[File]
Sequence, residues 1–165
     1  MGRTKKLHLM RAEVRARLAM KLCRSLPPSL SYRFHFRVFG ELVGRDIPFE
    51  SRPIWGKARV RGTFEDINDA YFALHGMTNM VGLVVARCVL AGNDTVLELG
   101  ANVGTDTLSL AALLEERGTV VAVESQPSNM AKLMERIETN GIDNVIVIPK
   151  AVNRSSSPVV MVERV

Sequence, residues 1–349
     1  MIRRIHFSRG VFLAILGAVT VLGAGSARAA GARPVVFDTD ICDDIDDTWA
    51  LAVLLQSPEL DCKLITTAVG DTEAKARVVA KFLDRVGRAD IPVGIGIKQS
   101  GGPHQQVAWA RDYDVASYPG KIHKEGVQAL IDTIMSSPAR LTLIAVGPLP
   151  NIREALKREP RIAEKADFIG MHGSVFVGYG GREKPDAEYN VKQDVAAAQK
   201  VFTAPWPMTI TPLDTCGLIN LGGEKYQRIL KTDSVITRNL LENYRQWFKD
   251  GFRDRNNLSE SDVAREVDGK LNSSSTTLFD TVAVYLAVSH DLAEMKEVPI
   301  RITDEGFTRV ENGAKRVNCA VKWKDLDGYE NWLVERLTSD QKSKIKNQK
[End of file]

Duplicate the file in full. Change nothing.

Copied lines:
Sequence, residues 1–165
     1  MGRTKKLHLM RAEVRARLAM KLCRSLPPSL SYRFHFRVFG ELVGRDIPFE
    51  SRPIWGKARV RGTFEDINDA YFALHGMTNM VGLVVARCVL AGNDTVLELG
   101  ANVGTDTLSL AALLEERGTV VAVESQPSNM AKLMERIETN GIDNVIVIPK
   151  AVNRSSSPVV MVERV

Sequence, residues 1–349
     1  MIRRIHFSRG VFLAILGAVT VLGAGSARAA GARPVVFDTD ICDDIDDTWA
    51  LAVLLQSPEL DCKLITTAVG DTEAKARVVA KFLDRVGRAD IPVGIGIKQS
   101  GGPHQQVAWA RDYDVASYPG KIHKEGVQAL IDTIMSSPAR LTLIAVGPLP
   151  NIREALKREP RIAEKADFIG MHGSVFVGYG GREKPDAEYN VKQDVAAAQK
   201  VFTAPWPMTI TPLDTCGLIN LGGEKYQRIL KTDSVITRNL LENYRQWFKD
   251  GFRDRNNLSE SDVAREVDGK LNSSSTTLFD TVAVYLAVSH DLAEMKEVPI
   301  RITDEGFTRV ENGAKRVNCA VKWKDLDGYE NWLVERLTSD QKSKIKNQK